The results of the first round of Brazil’s general election on Oct. 2 were a success for far-right President Jair Bolsonaro and a knockout blow for the moderate right. That made it an unpleasant shock for the left, even if former President Luiz Inacio Lula da Silva of the Workers’ Party, or PT, finished first and remains the frontrunner for the second-round runoff against Bolsonaro on Oct. 30.
“It’s very frustrating,” Antonio Claret Diniz, a PT supporter who turned out on election night to watch the vote count on a square in downtown Rio de Janeiro, told WPR. Like the rest of the crowd gathered there, the 63-year-old actor had been hoping for an outright win for Lula, who according to opinion polls enjoyed a double-digit lead over his far-right rival in the runup to the voting.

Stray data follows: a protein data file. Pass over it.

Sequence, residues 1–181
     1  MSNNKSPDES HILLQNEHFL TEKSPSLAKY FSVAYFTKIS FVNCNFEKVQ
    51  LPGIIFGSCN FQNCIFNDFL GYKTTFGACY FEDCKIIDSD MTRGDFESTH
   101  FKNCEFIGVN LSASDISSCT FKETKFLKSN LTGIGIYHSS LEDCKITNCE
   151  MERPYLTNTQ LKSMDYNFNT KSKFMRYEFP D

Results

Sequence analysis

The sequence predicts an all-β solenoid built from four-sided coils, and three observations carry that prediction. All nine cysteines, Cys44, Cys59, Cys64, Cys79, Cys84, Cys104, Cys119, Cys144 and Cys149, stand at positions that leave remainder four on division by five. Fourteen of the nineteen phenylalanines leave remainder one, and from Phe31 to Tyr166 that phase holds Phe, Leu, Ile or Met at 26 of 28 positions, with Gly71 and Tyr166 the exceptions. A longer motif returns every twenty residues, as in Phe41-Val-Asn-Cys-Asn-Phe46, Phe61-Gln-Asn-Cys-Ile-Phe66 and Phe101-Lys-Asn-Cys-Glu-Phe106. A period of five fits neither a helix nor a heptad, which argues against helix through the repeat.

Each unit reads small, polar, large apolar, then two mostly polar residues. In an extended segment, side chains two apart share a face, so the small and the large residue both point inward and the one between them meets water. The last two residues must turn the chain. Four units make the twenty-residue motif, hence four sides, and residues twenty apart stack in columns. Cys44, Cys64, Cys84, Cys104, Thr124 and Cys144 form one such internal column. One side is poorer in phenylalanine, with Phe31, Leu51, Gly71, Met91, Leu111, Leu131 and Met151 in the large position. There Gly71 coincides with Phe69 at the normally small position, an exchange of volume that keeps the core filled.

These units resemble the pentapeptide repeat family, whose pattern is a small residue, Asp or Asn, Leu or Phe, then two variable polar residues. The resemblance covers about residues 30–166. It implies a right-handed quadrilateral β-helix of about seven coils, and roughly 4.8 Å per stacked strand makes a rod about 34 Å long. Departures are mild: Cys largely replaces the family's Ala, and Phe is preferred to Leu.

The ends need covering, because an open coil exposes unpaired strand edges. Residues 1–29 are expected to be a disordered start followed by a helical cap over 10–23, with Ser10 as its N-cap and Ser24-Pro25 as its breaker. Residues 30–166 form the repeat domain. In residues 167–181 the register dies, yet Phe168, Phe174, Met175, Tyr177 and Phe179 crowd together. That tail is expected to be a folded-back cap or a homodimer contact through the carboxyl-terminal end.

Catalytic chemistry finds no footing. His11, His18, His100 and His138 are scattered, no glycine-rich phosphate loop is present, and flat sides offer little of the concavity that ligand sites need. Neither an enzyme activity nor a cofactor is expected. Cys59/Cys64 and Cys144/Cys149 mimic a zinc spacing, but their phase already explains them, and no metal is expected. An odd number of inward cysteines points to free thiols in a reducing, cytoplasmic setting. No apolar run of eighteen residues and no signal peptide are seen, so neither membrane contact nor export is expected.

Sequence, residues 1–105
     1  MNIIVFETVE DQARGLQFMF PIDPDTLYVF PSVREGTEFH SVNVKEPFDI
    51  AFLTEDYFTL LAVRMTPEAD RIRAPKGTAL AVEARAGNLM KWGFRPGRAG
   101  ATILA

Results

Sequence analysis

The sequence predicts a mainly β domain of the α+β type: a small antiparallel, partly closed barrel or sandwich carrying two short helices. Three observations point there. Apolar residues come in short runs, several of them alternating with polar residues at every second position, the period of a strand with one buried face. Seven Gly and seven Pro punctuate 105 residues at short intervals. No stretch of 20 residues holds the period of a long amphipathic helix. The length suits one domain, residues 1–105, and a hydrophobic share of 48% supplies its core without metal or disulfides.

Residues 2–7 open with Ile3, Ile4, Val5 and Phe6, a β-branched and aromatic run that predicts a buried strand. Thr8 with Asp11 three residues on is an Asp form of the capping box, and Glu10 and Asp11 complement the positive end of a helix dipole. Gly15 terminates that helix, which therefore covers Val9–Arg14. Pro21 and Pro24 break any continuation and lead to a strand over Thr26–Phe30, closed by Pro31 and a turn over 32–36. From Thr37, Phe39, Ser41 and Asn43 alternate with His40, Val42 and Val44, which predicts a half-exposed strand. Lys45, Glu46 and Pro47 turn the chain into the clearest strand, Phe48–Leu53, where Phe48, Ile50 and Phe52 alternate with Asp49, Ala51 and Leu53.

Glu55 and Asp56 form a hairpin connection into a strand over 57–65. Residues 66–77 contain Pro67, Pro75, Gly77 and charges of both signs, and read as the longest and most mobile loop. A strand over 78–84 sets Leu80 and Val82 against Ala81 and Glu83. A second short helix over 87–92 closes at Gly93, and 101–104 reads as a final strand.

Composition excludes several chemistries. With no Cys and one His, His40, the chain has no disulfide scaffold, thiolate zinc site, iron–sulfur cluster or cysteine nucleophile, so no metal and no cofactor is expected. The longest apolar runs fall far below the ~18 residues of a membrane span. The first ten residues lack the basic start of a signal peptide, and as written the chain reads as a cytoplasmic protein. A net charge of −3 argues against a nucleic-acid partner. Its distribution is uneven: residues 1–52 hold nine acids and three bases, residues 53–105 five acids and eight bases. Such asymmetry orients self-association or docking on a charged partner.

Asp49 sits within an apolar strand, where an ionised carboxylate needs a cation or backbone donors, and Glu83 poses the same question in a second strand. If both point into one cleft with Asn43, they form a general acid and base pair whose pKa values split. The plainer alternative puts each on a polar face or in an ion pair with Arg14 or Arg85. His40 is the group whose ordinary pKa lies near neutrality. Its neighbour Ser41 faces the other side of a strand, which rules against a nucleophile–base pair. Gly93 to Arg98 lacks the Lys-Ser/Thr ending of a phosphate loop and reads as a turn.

In the end, Lula got 48 percent of the valid votes, compared to 43 percent for Bolsonaro, suggesting that the upcoming runoff will be tight. Meanwhile, key figures of Bolsonaro’s movement were elected to Congress and did well in gubernatorial races, putting paid to any hopes that Bolsonaro and his fiery brand of authoritarian politics were just a blip in Brazil’s politics.